Indeed, worldwide drug use remains so large and the profits so great, 
that the traffickers' response is to find alternate routes and methods 
rather than quit. And as the pressure mounts, I am certain they will 
also fight it with intensified efforts to corrupt or intimidate senior 
counternarcotics officials abroad. It is, therefore, imperative that we 
keep up the pressure and sustain the momentum to consolidate our gains 
and confront the new and continuing challenges we face.

U.S. Narcotics Certification

The Foreign Assistance Act requires that each year the President 
identify the major drug-producing and drug transit countries and 
determine whether they have fully cooperated with the U.S. or taken 
adequate steps on their own in narcotics control. The U.S. must cut off 
most foreign assistance to those countries that are not certified and 
vote against their request for loans from six multilateral development 
banks. For countries found not to be fully cooperating or taking 
adequate steps on their own, the President may grant a national interest 
certification if the vital interests of the U.S. require continued 
provision of foreign assistance.

In the last two years, we have used certification as one of the most 
powerful and cost-effective tools in our counternarcotics arsenal. This 
year, the President expanded the majors list to 29 countries, denied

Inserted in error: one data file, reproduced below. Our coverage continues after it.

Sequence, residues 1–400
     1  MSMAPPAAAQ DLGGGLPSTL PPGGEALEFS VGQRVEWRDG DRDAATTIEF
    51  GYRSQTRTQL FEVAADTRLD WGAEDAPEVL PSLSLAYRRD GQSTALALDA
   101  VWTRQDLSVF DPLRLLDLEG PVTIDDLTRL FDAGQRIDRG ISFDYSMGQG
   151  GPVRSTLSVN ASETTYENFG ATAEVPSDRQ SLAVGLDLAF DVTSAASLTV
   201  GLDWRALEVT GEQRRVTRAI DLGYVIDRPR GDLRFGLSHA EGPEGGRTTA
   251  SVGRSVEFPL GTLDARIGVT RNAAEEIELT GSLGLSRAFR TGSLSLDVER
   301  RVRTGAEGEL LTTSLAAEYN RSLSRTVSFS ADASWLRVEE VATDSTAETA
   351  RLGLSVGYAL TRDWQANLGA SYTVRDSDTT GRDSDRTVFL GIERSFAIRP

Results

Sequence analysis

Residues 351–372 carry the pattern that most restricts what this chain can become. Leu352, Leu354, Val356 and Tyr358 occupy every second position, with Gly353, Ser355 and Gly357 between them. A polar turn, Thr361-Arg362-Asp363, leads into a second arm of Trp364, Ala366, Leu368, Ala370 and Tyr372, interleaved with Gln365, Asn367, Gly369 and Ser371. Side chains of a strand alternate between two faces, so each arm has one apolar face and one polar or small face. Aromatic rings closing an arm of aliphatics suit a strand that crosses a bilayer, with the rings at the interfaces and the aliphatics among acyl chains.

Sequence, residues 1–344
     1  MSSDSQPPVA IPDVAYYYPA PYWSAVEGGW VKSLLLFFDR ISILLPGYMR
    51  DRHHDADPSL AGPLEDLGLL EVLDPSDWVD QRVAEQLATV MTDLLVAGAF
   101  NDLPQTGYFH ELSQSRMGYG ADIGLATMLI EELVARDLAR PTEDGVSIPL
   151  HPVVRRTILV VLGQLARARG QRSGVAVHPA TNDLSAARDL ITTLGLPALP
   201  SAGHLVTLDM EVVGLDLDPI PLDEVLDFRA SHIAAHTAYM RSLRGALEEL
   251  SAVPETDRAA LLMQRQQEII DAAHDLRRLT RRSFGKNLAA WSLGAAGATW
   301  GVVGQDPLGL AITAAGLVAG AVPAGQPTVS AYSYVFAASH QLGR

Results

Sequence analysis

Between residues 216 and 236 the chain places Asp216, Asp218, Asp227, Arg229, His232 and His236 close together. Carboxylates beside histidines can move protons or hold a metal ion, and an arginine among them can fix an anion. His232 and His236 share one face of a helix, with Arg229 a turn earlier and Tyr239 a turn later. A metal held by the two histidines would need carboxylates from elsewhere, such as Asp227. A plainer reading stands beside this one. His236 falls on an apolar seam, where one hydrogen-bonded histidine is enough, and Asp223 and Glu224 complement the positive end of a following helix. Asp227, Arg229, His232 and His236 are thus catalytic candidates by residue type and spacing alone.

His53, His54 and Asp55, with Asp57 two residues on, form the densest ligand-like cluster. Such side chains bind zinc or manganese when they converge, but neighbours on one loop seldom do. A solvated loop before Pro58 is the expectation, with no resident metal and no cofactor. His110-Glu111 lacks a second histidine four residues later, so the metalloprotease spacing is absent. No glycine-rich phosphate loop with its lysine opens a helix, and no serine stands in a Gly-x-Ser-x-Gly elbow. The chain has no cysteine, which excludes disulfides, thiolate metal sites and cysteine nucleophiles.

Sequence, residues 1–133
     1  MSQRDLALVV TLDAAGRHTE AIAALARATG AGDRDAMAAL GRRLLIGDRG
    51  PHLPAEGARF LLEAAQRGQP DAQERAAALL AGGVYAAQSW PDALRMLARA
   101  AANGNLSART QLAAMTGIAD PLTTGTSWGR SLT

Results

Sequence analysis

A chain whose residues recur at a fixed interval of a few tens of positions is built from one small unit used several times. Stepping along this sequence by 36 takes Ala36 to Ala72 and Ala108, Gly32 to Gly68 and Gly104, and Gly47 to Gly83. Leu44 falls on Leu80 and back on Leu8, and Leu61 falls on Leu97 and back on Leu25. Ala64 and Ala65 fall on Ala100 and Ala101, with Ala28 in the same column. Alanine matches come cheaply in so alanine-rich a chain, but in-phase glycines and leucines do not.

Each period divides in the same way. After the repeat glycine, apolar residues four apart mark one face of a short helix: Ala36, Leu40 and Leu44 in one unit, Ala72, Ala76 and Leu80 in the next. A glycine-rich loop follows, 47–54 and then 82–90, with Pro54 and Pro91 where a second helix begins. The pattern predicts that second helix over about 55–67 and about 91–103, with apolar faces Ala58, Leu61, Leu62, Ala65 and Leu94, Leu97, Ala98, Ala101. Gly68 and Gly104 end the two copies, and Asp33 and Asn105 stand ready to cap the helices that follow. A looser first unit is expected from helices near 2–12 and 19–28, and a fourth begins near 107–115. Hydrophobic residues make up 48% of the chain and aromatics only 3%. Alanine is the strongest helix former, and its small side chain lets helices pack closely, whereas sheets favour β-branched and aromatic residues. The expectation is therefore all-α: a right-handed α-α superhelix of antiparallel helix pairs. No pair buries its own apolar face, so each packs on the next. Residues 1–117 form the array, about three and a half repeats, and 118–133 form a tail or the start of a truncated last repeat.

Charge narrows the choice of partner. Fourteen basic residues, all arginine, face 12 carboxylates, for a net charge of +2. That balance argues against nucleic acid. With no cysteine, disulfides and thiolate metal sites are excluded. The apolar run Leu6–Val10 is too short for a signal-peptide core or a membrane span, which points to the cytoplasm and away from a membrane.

certification to five countries, and granted national interest 
certifications to six others. There were no "rubber stamp" approvals. 
Indeed, our frank appraisals meant denial of full certification for some 
countries with which we have enjoyed strong bilateral relationships. We 
are gearing up now for the next certification cycle, a process that 
involves possible modifications to the majors list and fresh 
assessments. Let there be no mistake: Countries care about where they 
stand, and their concrete performance--in the Andes as well as Asia and 
elsewhere--may be substantially linked to narcotics certification.

The President's national interest certification in 1995 shocked 
Colombia, and a campaign launched by the police soon thereafter rounded 
up and put into pretrial detention many of the major Cali cartel 
players. Six of Colombia's major dealers are in jail and there is 
continuing pressure to apprehend and arrest the "successor" generation. 
National interest certification of Bolivia sparked the government to 
eradicate more coca in three months than it had in the entire previous 
year. Bolivia still has a long way to go to meet its self-imposed 
eradication goal of 5,400 hectares of coca by the end of the year, but